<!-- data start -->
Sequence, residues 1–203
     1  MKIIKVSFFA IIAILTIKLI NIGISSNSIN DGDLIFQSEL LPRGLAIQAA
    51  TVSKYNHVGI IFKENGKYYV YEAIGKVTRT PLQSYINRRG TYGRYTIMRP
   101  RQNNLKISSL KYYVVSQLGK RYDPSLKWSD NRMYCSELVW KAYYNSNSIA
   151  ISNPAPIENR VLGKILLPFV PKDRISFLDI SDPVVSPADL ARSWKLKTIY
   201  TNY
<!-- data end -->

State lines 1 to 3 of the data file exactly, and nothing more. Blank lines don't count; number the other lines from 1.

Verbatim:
Sequence, residues 1–203
     1  MKIIKVSFFA IIAILTIKLI NIGISSNSIN DGDLIFQSEL LPRGLAIQAA
    51  TVSKYNHVGI IFKENGKYYV YEAIGKVTRT PLQSYINRRG TYGRYTIMRP